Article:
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Medical Migration: Strategies for Affordable Care in an Unaffordable System

  • Author(s): Miller-Thayer, Jennifer Catherine
  • Advisor(s): McMullin, Juliet
  • Velez-Ibanez, Carlos
  • et al.
Abstract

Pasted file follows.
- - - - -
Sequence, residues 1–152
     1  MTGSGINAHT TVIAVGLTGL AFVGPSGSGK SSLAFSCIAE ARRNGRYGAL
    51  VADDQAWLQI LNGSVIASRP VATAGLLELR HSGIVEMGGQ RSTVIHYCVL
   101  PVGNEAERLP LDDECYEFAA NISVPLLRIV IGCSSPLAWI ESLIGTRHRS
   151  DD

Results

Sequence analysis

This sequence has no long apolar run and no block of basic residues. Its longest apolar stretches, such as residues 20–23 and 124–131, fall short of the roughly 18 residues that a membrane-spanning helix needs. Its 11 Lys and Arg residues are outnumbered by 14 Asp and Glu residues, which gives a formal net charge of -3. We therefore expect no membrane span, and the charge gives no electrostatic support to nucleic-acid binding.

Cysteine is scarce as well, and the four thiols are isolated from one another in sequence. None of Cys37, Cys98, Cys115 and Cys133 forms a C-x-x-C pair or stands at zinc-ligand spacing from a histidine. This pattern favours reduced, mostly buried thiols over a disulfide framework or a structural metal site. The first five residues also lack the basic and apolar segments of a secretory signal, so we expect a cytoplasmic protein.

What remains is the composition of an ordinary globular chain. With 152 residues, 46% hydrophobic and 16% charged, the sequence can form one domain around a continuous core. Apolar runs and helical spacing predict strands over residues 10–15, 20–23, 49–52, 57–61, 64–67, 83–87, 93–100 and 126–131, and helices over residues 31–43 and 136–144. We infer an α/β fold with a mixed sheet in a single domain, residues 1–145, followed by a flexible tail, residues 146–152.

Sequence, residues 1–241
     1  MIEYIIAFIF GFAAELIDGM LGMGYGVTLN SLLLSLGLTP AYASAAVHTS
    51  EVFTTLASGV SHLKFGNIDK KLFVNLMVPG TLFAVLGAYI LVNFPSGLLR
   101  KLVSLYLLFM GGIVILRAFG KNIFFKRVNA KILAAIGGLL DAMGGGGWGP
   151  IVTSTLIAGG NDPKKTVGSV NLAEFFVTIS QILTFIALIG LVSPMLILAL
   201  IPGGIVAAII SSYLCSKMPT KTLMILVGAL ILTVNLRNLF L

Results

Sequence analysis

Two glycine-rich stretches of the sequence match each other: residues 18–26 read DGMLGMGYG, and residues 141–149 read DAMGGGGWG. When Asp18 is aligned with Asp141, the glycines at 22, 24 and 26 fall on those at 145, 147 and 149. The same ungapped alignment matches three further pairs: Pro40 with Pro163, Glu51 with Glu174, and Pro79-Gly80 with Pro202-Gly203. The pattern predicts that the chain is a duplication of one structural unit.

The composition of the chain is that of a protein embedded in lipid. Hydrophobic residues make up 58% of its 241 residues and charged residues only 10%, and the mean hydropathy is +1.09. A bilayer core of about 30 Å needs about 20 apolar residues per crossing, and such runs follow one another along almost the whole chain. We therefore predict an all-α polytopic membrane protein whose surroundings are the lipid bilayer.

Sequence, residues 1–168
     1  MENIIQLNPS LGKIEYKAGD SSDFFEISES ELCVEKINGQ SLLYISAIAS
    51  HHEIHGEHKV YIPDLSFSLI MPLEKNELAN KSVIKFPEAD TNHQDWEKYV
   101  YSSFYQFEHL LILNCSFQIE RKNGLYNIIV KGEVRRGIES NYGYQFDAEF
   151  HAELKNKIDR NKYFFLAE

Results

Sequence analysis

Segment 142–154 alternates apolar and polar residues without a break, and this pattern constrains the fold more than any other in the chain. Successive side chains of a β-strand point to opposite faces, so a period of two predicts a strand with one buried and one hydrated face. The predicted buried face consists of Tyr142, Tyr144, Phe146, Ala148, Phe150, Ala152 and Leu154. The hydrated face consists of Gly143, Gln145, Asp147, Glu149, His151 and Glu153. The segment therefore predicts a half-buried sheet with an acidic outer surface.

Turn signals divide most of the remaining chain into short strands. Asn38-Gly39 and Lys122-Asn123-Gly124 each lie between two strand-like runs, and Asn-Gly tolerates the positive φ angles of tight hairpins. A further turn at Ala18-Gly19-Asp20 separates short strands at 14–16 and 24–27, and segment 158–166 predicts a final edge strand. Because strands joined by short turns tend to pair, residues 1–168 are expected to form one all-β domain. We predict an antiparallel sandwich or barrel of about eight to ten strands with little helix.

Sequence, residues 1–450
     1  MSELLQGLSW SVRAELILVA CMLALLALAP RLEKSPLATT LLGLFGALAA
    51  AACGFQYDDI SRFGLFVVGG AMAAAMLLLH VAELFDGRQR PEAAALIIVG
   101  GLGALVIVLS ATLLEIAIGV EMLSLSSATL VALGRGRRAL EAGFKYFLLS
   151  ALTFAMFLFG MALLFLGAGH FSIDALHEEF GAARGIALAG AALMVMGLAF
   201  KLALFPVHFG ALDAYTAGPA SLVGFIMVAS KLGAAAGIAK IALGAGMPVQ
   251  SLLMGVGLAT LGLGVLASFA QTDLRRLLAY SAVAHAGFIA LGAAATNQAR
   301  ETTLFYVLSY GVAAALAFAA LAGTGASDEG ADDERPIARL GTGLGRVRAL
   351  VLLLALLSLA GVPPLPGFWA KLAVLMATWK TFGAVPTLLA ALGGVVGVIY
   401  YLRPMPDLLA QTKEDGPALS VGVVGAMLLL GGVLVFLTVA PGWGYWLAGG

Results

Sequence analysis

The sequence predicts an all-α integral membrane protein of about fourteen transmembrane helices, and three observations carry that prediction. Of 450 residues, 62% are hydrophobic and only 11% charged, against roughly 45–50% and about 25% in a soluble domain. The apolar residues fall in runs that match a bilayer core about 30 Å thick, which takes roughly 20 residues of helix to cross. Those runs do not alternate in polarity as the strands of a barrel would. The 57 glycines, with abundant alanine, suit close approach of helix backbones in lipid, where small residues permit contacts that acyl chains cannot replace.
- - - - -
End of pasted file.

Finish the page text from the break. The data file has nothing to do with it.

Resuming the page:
Approximately 45.7 million people in the United States are uninsured and unknown numbers of this population are underinsured, severely limiting their access to medical care. To address this problem, people use innovative strategies to increase their access through cross-border care options. The U.S.-Mexico border provides unique challenges and opportunities for healthcare in this context. The lower cost of medical and dental procedures and medications in Mexico makes that country an attractive alternative for low-income populations in the United States. Thus segments of the U.S. population practice transnational medical consumerism in an attempt to optimize their health by using the resources available in both countries. This practice has economic benefits for the people who access healthcare at an affordable rate and for the medical markets of the country providing the care. Drawing on data collected in the field in 2002, 2004, and 2005, this dissertation presents some of the complexities and dynamics of medical pluralism occurring at the U.S.-Mexico border.

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